Xamarin.Android Navigation Bar

Android 4 introduced a new system user interface feature called a Navigation Bar, which provides navigation controls on devices that don't include hardware buttons for Home, Back, and Menu. The following screenshot shows the Navigation Bar from a Nexus Prime device:

Example of an Android navigation bar

Several new flags are available that control the visibility of the Navigation Bar and its controls, as well as the visibility of the System Bar that was introduced in Android 3. The flags are defined in the Android.View.View class and are listed below:

  • SystemUiFlagVisible – Makes the Navigation Bar visible.
  • SystemUiFlagLowProfile – Dims out controls in the Navigation Bar.
  • SystemUiFlagHideNavigation – Hides the Navigation Bar.

These flags can be applied to any view in the view hierarchy by setting the SystemUiVisibility property. If multiple views have this property set, the system combines them with an OR operation and applies them so long as the window in which the flags are set retains focus. When you remove a view, any flags it has set will also be removed.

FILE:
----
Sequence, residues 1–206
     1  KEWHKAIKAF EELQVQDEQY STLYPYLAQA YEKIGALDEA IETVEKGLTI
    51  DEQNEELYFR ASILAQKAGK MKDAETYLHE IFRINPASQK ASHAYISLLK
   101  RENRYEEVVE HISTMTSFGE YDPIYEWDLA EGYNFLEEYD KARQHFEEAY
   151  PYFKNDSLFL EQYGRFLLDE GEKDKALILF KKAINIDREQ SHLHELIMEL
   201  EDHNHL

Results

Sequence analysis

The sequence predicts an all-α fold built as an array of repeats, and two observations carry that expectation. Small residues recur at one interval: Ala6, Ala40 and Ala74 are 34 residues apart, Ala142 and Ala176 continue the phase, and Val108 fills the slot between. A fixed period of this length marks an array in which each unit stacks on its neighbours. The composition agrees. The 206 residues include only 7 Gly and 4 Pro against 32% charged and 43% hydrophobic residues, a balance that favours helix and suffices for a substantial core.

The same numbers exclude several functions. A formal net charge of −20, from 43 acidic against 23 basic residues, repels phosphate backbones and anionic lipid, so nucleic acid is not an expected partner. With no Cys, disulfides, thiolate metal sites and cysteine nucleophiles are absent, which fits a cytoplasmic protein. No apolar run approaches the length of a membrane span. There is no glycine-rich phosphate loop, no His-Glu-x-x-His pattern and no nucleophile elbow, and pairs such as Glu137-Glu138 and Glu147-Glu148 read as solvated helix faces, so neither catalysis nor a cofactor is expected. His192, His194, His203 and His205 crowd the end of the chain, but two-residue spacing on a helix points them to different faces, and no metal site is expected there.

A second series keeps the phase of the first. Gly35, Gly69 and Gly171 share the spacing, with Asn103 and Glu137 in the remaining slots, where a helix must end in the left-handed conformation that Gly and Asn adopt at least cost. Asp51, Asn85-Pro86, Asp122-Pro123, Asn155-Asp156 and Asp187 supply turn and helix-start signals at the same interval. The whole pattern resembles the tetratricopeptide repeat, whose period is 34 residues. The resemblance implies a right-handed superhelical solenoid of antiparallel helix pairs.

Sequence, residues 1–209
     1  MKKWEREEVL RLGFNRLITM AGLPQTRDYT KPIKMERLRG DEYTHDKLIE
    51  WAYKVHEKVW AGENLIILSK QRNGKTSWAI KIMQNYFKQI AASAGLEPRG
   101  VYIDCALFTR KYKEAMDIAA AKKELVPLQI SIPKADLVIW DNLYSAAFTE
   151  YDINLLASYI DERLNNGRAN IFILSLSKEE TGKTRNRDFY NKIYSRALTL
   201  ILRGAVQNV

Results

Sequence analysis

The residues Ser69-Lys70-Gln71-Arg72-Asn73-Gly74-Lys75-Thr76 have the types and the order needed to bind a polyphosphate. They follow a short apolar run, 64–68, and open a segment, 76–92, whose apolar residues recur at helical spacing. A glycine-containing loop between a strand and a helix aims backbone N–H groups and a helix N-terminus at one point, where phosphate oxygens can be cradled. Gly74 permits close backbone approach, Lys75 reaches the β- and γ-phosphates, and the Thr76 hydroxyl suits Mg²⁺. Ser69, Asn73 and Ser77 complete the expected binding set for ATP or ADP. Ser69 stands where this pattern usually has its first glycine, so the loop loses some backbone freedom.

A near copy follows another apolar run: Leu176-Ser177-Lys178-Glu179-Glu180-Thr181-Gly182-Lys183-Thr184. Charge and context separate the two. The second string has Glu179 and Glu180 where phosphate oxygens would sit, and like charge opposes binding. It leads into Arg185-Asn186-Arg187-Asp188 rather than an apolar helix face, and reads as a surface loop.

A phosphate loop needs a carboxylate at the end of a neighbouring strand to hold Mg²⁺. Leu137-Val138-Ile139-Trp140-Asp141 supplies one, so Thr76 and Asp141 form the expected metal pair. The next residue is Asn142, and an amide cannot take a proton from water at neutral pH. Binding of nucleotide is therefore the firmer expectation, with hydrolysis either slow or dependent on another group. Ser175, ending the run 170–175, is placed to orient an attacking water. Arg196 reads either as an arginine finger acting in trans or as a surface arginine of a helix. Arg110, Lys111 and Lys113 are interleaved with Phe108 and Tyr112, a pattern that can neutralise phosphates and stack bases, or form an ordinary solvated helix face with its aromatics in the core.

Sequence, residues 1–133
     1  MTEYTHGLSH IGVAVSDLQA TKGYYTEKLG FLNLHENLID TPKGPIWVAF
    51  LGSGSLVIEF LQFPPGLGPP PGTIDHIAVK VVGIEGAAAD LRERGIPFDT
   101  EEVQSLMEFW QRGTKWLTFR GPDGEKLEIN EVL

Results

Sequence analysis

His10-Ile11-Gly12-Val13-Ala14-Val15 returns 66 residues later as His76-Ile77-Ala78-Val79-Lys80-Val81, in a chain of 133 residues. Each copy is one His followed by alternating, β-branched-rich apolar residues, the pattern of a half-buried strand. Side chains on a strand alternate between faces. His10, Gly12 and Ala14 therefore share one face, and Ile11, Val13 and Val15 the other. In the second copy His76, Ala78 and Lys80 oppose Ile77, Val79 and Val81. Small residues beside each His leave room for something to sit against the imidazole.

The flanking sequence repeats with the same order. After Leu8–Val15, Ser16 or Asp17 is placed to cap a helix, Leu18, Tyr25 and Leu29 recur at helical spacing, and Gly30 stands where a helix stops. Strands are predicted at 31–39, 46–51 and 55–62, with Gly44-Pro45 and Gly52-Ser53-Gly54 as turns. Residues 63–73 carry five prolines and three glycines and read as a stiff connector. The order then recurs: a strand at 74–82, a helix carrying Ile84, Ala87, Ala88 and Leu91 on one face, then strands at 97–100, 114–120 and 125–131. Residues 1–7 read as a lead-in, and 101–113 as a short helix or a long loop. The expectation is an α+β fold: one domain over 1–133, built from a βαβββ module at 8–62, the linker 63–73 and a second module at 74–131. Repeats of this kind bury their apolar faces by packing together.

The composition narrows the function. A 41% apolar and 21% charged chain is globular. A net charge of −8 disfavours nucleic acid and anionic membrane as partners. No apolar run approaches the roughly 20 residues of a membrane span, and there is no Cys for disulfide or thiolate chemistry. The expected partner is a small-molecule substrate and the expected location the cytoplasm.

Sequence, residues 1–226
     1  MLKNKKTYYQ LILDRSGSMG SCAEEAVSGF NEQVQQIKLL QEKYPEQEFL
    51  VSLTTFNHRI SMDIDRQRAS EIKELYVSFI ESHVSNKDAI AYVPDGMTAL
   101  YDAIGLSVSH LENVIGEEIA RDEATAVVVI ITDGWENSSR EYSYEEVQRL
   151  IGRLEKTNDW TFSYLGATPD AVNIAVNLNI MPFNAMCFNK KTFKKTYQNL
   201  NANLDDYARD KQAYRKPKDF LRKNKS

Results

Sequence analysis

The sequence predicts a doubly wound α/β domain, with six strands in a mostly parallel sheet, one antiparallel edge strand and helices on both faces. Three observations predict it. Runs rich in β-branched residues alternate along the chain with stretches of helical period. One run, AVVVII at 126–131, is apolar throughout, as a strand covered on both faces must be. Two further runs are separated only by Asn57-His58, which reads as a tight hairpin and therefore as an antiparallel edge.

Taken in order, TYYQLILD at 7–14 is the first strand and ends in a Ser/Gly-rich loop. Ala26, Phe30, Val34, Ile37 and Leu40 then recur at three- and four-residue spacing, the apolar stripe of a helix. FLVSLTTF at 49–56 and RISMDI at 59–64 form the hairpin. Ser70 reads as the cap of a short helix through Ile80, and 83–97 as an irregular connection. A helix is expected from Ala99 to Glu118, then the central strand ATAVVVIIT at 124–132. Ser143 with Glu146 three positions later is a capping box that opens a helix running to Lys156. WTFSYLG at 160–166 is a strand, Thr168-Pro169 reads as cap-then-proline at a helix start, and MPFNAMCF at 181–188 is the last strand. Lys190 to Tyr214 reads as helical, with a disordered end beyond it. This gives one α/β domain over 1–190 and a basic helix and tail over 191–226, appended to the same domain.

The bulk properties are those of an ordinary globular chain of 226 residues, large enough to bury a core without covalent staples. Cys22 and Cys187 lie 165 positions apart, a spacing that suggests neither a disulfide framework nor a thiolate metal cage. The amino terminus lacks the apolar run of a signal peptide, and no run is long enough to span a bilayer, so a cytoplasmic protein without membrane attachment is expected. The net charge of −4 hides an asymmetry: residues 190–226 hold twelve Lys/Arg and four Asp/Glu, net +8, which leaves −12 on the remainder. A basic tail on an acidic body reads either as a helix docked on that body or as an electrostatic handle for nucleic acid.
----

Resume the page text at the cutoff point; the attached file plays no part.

The following example shows a simple application where clicking any of the buttons changes the SystemUiVisibility:

Screenshots demonstrating Visible, Low Profile, and Hidden SystemUiVisibility

The code to change the SystemUiVisibility sets the property on a TextView from each button's click event handler as shown below:

var tv = FindViewById<TextView> (Resource.Id.systemUiFlagTextView);
var lowProfileButton = FindViewById<Button>(Resource.Id.lowProfileButton);
var hideNavButton = FindViewById<Button> (Resource.Id.hideNavigation);
var visibleButton = FindViewById<Button> (Resource.Id.visibleButton);

lowProfileButton.Click += delegate {
    tv.SystemUiVisibility =

hideNavButton.Click += delegate {
    tv.SystemUiVisibility =

visibleButton.Click += delegate {
    tv.SystemUiVisibility = (StatusBarVisibility)View.SystemUiFlagVisible;

Also, a SystemUiVisibility change raises a SystemUiVisibilityChange event. Just like setting the SystemUiVisibility property, a handler for the SystemUiVisibilityChange event can be registered for any view in the hierarchy. For example, the code below uses the TextView instance to register for the event:

tv.SystemUiVisibilityChange +=
  delegate(object sender, View.SystemUiVisibilityChangeEventArgs e) {
        tv.Text = String.Format ("Visibility = {0}", e.Visibility);